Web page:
We got a first look at the 2017 Honda Clarity Fuel Cell over a month ago, but major details--including the car's name--weren't released until the 2015 Tokyo Motor Show last week.

Honda's production hydrogen-powered vehicle--now named Clarity Fuel Cell--will go on sale in Japan early next year, with a U.S. launch sometime after that.

Its platform will also spawn dedicated battery-electric and plug-in hybrid models that Honda plans to launch by 2018.

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As we've already seen, the Clarity is a four-door, five-seat sedan that borrows styling cues from Honda's two recent fuel-cell concept cars.

Honda boasts that its entire powertrain--including the fuel-cell stack and electric motor--is compact enough to fit entirely under the hood.

Hydrogen storage tanks, meanwhile, are located under the rear seat and between the rear wheels at the front of the trunk. There's a lithium-ion battery pack in the floor as well.

Honda Clarity Fuel Cell, 2015 Tokyo Motor Show

Honda Clarity Fuel Cell, 2015 Tokyo Motor Show

The motor produces 174 horsepower and 221 pound-feet of torque. Honda estimates a 0 to 60 mph time of 9 seconds.

Honda says there is enough hydrogen-storage capacity for 434 miles of range, as measured on the Japanese testing cycle.

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The Japanese cycle is much more optimistic than the U.S. EPA cycle, but the Clarity could still achieve around 300 miles of range in EPA testing.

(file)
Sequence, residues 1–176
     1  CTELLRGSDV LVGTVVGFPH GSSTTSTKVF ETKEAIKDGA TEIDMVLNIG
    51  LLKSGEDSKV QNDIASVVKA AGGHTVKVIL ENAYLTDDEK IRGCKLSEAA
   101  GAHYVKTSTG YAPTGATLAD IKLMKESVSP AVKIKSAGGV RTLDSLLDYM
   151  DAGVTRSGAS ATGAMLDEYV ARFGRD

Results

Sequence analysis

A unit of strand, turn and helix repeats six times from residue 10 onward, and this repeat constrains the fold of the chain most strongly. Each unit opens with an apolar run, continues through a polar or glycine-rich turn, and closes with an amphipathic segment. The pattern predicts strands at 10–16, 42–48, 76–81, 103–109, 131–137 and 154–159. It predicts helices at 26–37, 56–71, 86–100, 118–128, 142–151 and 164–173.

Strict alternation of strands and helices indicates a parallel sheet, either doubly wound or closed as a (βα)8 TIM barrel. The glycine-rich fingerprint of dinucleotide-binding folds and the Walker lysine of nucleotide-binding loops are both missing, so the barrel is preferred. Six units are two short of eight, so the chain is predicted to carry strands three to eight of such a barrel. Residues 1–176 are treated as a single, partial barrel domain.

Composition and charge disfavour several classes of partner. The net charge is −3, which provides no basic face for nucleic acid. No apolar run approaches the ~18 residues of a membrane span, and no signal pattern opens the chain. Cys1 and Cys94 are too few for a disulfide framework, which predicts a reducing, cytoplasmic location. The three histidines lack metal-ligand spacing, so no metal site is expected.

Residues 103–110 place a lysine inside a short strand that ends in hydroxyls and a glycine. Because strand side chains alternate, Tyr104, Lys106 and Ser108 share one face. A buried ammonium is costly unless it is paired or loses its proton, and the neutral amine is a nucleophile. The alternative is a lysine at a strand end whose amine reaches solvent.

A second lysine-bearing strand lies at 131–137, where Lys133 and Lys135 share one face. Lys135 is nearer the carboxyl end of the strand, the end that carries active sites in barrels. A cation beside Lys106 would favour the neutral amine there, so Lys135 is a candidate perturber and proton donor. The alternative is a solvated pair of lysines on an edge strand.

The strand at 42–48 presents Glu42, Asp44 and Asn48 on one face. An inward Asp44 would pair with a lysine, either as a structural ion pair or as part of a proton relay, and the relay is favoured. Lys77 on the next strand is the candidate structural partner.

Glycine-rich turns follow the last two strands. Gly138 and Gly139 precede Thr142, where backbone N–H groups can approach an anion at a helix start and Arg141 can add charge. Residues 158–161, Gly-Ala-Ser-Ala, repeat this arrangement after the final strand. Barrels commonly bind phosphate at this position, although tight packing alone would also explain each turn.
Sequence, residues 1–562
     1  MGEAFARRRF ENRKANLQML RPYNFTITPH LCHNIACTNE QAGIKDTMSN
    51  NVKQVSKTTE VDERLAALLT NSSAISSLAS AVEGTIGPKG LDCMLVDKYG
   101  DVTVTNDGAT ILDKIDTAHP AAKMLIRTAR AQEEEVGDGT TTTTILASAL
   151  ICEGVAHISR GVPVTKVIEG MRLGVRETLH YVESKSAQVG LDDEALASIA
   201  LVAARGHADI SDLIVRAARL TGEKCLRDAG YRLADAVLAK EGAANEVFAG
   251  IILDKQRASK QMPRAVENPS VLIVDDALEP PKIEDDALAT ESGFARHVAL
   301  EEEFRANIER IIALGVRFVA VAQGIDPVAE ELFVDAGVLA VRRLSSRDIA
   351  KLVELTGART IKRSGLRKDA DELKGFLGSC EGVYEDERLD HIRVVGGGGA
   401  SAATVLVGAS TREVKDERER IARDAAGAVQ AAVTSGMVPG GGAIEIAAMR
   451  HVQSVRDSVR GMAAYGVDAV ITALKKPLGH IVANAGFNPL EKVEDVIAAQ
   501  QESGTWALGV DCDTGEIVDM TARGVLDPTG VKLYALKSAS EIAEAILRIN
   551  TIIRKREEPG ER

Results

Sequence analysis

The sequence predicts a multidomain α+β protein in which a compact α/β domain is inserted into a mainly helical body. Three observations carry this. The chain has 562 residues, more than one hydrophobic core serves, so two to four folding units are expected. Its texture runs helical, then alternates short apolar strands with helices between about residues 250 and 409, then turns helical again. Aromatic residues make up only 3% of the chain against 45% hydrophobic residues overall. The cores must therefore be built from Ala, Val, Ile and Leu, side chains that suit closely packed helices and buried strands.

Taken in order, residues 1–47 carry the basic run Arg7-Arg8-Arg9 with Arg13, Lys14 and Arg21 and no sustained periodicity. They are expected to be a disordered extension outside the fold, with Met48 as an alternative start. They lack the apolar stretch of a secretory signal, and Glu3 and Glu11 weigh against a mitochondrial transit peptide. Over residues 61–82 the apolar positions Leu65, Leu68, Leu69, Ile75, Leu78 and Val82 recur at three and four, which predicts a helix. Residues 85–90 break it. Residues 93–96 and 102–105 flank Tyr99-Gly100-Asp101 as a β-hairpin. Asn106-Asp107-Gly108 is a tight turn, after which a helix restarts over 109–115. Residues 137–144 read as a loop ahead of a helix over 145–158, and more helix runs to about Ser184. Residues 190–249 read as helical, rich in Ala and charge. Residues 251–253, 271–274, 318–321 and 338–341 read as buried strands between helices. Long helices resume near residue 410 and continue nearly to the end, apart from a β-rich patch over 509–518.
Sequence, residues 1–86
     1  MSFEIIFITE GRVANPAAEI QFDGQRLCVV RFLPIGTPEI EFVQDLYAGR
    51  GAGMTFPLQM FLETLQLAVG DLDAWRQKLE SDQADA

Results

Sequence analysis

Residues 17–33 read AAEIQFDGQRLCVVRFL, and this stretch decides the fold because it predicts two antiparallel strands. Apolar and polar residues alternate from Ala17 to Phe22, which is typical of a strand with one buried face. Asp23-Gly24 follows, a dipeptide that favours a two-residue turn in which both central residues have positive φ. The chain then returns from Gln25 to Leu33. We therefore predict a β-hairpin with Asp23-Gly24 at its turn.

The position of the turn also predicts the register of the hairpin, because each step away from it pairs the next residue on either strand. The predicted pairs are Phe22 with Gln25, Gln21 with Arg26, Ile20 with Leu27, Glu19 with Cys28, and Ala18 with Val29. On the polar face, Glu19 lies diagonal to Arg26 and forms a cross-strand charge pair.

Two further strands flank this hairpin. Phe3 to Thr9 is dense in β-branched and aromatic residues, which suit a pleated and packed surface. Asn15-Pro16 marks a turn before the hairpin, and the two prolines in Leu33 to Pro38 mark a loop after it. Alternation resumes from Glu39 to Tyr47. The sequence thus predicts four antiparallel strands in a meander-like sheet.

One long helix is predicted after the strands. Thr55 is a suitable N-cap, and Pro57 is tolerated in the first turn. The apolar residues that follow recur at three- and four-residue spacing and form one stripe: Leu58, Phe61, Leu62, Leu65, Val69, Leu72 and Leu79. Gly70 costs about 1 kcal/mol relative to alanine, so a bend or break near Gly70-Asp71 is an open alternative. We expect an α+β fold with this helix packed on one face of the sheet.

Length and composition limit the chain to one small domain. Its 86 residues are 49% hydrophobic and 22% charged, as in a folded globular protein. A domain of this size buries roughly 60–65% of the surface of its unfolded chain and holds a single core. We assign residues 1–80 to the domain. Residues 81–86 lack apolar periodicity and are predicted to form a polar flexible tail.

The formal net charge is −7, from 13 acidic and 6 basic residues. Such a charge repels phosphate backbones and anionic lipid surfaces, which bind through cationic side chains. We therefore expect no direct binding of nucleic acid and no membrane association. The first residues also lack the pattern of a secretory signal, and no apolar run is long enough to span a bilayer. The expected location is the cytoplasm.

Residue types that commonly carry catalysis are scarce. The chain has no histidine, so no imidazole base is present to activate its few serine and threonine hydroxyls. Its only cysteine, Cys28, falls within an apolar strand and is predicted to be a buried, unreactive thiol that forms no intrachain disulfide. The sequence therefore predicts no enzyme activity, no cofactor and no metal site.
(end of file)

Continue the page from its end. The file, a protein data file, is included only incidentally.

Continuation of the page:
Honda has taken a different approach to the development of its fuel-cell vehicle than either of the other manufacturers that have offered them so far.

Honda Clarity Fuel Cell, 2015 Tokyo Motor Show

Honda Clarity Fuel Cell, 2015 Tokyo Motor Show

While the Hyundai Tucson Fuel Cell is based on an existing model, and the Toyota Mirai uses a unique platform, the Clarity Fuel Cell will be the basis for additional models.

The platform, designed from the start for electric drive, will be used for the dedicated battery-electric and plug-in hybrid models announced by the company earlier this year.

MORE: Honda To Offer New Electric Car, Plug-In Hybrid Model By 2018

This should help Honda amortize what are likely to be development costs by using the Clarity's platform for higher-volume vehicles.

While Honda only plans to sell about 200 fuel-cell cars in the first year, the battery-electric and plug-in hybrid models could sell in the thousands globally.

And that would let Honda get more volume out of its first-ever production electric-drive vehicle--regardless of the pace of global hydrogen fueling infrastructure development.


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